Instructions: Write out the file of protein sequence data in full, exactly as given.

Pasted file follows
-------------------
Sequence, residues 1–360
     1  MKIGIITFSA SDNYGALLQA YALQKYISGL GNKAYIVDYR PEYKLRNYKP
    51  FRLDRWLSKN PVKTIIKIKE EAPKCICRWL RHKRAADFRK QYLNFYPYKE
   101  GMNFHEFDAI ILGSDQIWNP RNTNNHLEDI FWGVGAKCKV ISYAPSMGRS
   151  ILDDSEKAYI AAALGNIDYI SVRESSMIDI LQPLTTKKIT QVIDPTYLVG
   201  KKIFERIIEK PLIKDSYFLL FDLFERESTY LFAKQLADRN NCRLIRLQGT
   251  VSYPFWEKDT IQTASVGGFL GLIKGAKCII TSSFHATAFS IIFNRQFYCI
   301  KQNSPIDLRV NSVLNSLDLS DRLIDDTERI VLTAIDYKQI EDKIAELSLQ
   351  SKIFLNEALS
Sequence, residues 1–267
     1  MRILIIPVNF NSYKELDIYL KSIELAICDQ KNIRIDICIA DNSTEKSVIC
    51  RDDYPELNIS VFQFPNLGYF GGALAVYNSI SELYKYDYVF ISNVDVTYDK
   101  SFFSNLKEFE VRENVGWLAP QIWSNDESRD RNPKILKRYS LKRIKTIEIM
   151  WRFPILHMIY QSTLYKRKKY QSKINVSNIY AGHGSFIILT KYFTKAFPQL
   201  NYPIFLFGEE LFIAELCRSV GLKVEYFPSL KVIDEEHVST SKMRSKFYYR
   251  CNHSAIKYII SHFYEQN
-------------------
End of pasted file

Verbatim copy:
Sequence, residues 1–360
     1  MKIGIITFSA SDNYGALLQA YALQKYISGL GNKAYIVDYR PEYKLRNYKP
    51  FRLDRWLSKN PVKTIIKIKE EAPKCICRWL RHKRAADFRK QYLNFYPYKE
   101  GMNFHEFDAI ILGSDQIWNP RNTNNHLEDI FWGVGAKCKV ISYAPSMGRS
   151  ILDDSEKAYI AAALGNIDYI SVRESSMIDI LQPLTTKKIT QVIDPTYLVG
   201  KKIFERIIEK PLIKDSYFLL FDLFERESTY LFAKQLADRN NCRLIRLQGT
   251  VSYPFWEKDT IQTASVGGFL GLIKGAKCII TSSFHATAFS IIFNRQFYCI
   301  KQNSPIDLRV NSVLNSLDLS DRLIDDTERI VLTAIDYKQI EDKIAELSLQ
   351  SKIFLNEALS
Sequence, residues 1–267
     1  MRILIIPVNF NSYKELDIYL KSIELAICDQ KNIRIDICIA DNSTEKSVIC
    51  RDDYPELNIS VFQFPNLGYF GGALAVYNSI SELYKYDYVF ISNVDVTYDK
   101  SFFSNLKEFE VRENVGWLAP QIWSNDESRD RNPKILKRYS LKRIKTIEIM
   151  WRFPILHMIY QSTLYKRKKY QSKINVSNIY AGHGSFIILT KYFTKAFPQL
   201  NYPIFLFGEE LFIAELCRSV GLKVEYFPSL KVIDEEHVST SKMRSKFYYR
   251  CNHSAIKYII SHFYEQN